The dad of one of my best friends growing up had a significant drinking problem. I can’t remember a church prayer gathering when his problem and his salvation weren’t a request. But for as often as I prayed for this man, I don’t remember spending much time around him. So I was pretty caught off guard when I finally did interact with him for the first time. I remember thinking, this guy is actually really nice. He was amiable and pleasant. Because he wasn’t drunk. And that’s when I realized what consuming a lot of alcohol could do to a person. When this pleasant man, who sincerely loved his family, was drunk, he became a mean father and an abusive husband.
The dramatic change that alcohol can bring seems to be the reason Paul uses it to talk about being filled with the Spirit (Ephesians 5:18). Both alcohol and the Spirit come in from the outside and control us. But the filling of the Holy Spirit is unlike any other external power. He, the Spirit, is actually a divine person (along with the Father and the Son) and not just a substance or a power. And the change that He brings to our lives is remarkable.
The first and most apparent change the Spirit brings is in our worship, corporately and within our own hearts. Paul says that when we’re filled with the Holy Spirit we will speak to each other in songs, and we’ll actually sing in our own hearts to God. The Holy Spirit gives us a continuous, joyful song in our hearts towards God.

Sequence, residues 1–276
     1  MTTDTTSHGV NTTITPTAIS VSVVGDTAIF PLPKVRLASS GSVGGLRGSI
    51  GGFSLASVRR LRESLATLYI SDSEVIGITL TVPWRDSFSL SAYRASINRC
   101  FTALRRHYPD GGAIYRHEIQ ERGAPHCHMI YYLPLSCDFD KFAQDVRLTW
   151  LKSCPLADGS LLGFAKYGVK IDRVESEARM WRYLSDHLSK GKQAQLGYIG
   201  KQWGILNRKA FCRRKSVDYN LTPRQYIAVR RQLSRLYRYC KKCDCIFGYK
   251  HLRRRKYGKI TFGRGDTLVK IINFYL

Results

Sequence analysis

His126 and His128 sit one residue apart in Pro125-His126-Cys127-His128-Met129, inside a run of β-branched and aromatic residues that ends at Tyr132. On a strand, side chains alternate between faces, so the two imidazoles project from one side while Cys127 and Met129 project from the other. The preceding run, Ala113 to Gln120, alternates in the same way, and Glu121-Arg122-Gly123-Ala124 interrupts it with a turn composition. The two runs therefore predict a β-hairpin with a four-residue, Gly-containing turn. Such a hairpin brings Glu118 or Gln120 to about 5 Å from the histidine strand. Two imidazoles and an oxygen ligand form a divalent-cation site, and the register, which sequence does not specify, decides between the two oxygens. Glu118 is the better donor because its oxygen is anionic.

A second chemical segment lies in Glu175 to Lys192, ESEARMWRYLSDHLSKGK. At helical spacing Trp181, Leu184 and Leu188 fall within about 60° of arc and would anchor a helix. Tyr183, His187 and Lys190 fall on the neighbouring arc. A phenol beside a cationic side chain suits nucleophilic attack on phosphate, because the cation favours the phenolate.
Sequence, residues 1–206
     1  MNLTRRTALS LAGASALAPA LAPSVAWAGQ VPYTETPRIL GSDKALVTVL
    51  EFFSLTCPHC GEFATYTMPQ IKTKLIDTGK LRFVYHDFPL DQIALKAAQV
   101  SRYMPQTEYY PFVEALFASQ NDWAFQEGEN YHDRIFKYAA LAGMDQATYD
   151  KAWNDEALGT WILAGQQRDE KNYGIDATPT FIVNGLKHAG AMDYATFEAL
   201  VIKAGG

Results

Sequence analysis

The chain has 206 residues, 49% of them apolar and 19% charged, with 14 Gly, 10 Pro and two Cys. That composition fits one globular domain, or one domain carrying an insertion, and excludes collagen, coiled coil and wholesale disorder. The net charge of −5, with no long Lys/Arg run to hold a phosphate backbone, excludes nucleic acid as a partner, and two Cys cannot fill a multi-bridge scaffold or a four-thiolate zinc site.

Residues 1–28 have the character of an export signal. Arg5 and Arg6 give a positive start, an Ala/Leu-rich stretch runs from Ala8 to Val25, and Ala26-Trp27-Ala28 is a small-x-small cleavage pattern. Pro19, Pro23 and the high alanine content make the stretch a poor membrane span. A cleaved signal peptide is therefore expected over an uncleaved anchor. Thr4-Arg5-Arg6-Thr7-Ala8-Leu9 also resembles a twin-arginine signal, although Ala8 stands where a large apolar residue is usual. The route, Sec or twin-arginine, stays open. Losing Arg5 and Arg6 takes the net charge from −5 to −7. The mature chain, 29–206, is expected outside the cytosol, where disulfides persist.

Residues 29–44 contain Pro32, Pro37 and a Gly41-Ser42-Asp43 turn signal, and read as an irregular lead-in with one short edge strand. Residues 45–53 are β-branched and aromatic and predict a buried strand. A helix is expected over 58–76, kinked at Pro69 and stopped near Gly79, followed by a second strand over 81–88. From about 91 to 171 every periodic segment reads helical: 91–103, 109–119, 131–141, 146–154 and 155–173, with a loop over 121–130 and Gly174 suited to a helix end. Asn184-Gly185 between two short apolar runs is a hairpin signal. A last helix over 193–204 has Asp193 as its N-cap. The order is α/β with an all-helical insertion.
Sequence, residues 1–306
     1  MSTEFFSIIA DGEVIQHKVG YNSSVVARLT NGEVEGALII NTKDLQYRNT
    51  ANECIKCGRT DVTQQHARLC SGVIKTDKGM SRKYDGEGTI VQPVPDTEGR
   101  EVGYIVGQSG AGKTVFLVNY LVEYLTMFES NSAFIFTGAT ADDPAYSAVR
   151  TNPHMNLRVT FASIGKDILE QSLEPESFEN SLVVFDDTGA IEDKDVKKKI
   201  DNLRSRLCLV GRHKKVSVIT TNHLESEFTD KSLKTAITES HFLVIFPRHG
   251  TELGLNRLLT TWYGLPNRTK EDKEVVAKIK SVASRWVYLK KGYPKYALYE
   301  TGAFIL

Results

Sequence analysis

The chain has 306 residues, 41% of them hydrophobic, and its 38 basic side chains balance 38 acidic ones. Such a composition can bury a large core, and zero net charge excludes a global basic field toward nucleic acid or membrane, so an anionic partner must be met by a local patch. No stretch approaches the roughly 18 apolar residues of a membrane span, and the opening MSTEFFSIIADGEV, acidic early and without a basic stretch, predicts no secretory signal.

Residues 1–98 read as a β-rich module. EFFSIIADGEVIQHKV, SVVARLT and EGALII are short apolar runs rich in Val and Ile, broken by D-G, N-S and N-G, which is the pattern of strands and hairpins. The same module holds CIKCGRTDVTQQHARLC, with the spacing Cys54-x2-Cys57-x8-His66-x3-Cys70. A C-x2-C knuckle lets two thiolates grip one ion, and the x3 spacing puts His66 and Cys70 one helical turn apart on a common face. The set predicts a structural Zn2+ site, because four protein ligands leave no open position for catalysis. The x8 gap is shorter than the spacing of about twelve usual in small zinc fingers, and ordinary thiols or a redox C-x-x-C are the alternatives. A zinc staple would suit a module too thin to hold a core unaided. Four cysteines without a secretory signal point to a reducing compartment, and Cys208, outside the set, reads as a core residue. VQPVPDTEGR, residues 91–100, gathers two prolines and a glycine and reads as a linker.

Now my guess is that some of you might read this and think, “This sounds like fake, plastic Christianity. I have significant trials and deep hurt. The last thing I want to do is whistle a worship song in my heart to God.”
But that’s why this truth is so rich and wonderful. No matter where I am or what I am going through, the filling of the Holy Spirit will affect my worship. The Spirit promises to impart hope in God to my heart, which will lead to a joyful song on my lips.
But it’s not only our worship that changes once we are filled with the Holy Spirit; that would be like saying that only an arm is affected when someone gets drunk. Paul mentions other areas of our lives that will be affected in Ephesians 5–6. Specifically, being filled with the Spirit will lead to us having hearts filled with gratitude (20), and we will also submit to one another in the fear of the Lord (21). The Spirit’s pervasive work affects the relationships of wives and husbands, children and fathers, slaves and masters (5:22–6:9). Each of these relationships is transformed by the Spirit.
At one time there was a selfish desire to look after our own good and our own interests, but now we are changed into a people who are taken over by different desires. Husbands lovingly sacrifice for their wives, wives wholeheartedly follow their husband’s loving leadership, and parents and children love and respect each other.
It’s typical to hear people equate the work of the Holy Spirit with an emotional feeling that we get in worship. And I don’t doubt that the Spirit’s work of imparting hope in God to our hearts brings strong emotions. But Scripture shows that merely giving us an emotional high is too small a thing for the Spirit of God. He wants to affect so much more than that. His aim is to make pervasive changes in every aspect of life for His glory and for our good.